Posts Tagged personal training orange county

Why You Didn’t Stick to Your Resolution This Year. Or Last Year…

It has been a little over 7 weeks since the New Year and gyms everywhere are already starting to get empty again. Have you noticed? Or were you yourself one of the sheep this year?

Why is it that most people cannot keep their fitness resolutions? Are their goals too aggressive? Did their priorities change? Did they get burnt out on spinach and egg whites? I have a theory that you may or may not agree with, but I have watched so many people make these mistakes and I can often tell when someone will give up early on a fitness goal. First, let’s go over “SMART” goal setting:

S= Specific. Make sure you know exactly what you want to accomplish. Don’t tell yourself “I want to get in shape”. Round is a shape, but most of us don’t find that flattering. If your goal is in fact aesthetic, then find a picture of yourself or someone else (similar body type!) who you want to strive to look like.

M= Measurable. Are you trying to improve your running pace by 1 minute per mile? Or are you trying to  get your body fat % under 20%? You must first know where you are starting, then make sure to measure how you are doing as you go along. This can be done once per week, or even once per month depending on the type of goal and how aggressive the goal is.

A= Attainable. “I want to be on the cover of Sports Illustrated” isn’t something that most of us will ever accomplish, but losing 2 dress sizes is very doable! If you have a bigger goal, try breaking it up in to smaller, monthly goals.

R= Realistic. You really have to be honest with yourself here. You may want to be at 5% body fat, but do you know what that takes? Are you willing to do the work and make all of the sacrifices necessary to get your body fat down to that level? Why 5%? If you only get to 8% will you be disappointed? Then maybe your first goal should be 10%…

T= Time-bound. When do you want to accomplish this goal? Remember, this helps your goal become measurable, but make sure the time frame you give yourself is attainable!

So why not just leave you with this? Because when it comes to fitness goals, I think that there are a couple of holes in the SMART acronym. In order for you to be able to stick to most fitness goals, you need to change SMART to “SMARTLY”. Now I am not sure if that is even a real word, but hear me out:

L= Life-long. What is it that you REALLY want out of your goal? Is it to look better for your sister’s wedding? To look good in your vacation pictures? If you want to stick to your short term goals, you’d better have some long term goals to follow up with. I will use myself as an example here: I am a married man, and it is important that I live for a long time so that my wife never has to live alone. Because if this I eat better. I try to only eat whole foods (organic when I can), I make sure my weight and body fat % never get above a certain point, and I have cut unnatural things like aspartame completely out of my diet. These things that I do for my Life-Long Goals make my short term goals easier to attain, because I am never far off from where I want to be for MY vacation pictures! 🙂 I also spend more time doing various yoga poses and stretches, as well as certain “core” strengthening exercises, because I not only want to be there for my wife- I want to be able to walk next to her as opposed to having her push me around in a wheelchair.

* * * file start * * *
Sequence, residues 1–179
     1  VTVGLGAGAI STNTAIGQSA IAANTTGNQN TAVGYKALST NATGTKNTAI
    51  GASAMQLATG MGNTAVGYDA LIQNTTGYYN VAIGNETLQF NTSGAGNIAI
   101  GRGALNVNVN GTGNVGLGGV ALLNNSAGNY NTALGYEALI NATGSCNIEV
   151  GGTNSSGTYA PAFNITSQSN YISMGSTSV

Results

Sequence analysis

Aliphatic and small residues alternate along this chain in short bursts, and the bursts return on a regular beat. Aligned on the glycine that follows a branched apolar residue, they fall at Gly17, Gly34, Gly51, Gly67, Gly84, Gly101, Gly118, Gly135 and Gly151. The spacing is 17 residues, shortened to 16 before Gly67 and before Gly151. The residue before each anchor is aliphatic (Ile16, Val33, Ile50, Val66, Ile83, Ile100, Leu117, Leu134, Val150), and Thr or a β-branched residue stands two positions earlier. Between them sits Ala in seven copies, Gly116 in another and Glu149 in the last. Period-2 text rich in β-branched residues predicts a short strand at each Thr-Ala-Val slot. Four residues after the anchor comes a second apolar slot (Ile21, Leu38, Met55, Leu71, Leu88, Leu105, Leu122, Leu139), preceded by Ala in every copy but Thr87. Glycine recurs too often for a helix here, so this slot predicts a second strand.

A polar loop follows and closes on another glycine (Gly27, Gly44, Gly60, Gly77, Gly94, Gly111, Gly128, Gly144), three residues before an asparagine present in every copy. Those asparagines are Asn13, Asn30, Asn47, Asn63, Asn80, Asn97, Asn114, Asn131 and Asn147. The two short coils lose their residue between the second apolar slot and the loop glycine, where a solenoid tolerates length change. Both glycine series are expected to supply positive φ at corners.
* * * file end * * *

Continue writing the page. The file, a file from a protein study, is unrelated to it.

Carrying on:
Y= You. This isn’t anybody else’s goal. Getting healthier because your wife told you to, or getting in shape so your husband finds you more attractive is fine, but what is YOUR incentive? Why is this important to YOU? If there is nothing in it for you, you are far less likely to stick to your program. It is your body. Your health. Your life. Your health is one of the very few things in life that nobody else can control. The way that you will live the rest of your life is (almost) completely up to you. Take advantage of that. Be a little selfish. Think about what you want. Then make it happen…

Need help setting your personal goals? Please email me at: Johnsanchez0@gmail.com

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Iliana’s Journey

As some of you know, I am involved with a company called 12 Week Fitness Challenge. One thing that I am really excited about is 12WFC’s “Iliana’s Journey”.

Iliana has struggled with her weight for years. She has gone up and down, but has never been able to reach her goal. I am happy to say that starting December 5th, something is about to change! Myself, Scott Perry, and Parker Green are all trainers for 12WFC. We are going to help guide Iliana as she begins her weight loss journey for the last time! Forget about the Biggest Loser, where contestants live on a ranch, have meals prepared, and workout with trainers for 6 hours/ day! This is real. Iliana has to go to work every day. No vacations here! She has to prepare her own meals on top of her already busy schedule. She isn’t doing this for money. She is someone you can relate to.

We have asked Iliana to do 2 things. One, to not change her lifestyle until December 5th. Two, to blog everyday and document her journey.

Please follow along as she starts this new journey to a healthier lifestyle! She may motivate you to start your New Year’s Resolution early!

Click here to support Iliana!

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CALORIES ARE NOT ENERGY!!!

Wait, what? I thought that a Calorie was a measure of energy. Am I wrong?

Well, not exactly. First off, the correct terminology to use here would be kilocalorie, or kcal. 1 kcal is defined as being enough energy to raise 1ml of H2O by 1 degree Celsius. That means that when a calorie is being used it produces HEAT.  Does your food continue to get hotter and hotter as it sits there? No. This is because the energy is STORED in your food. The Calories that are in your food are not energy; they are POTENTIAL ENERGY. So when you exercise, your body starts to “burn” this potential energy. Heat is produced as a waste product, and your body temperature goes up.  Pretty simple, right? Are you wondering why am I explaining the difference between energy and potential energy?

Mindset.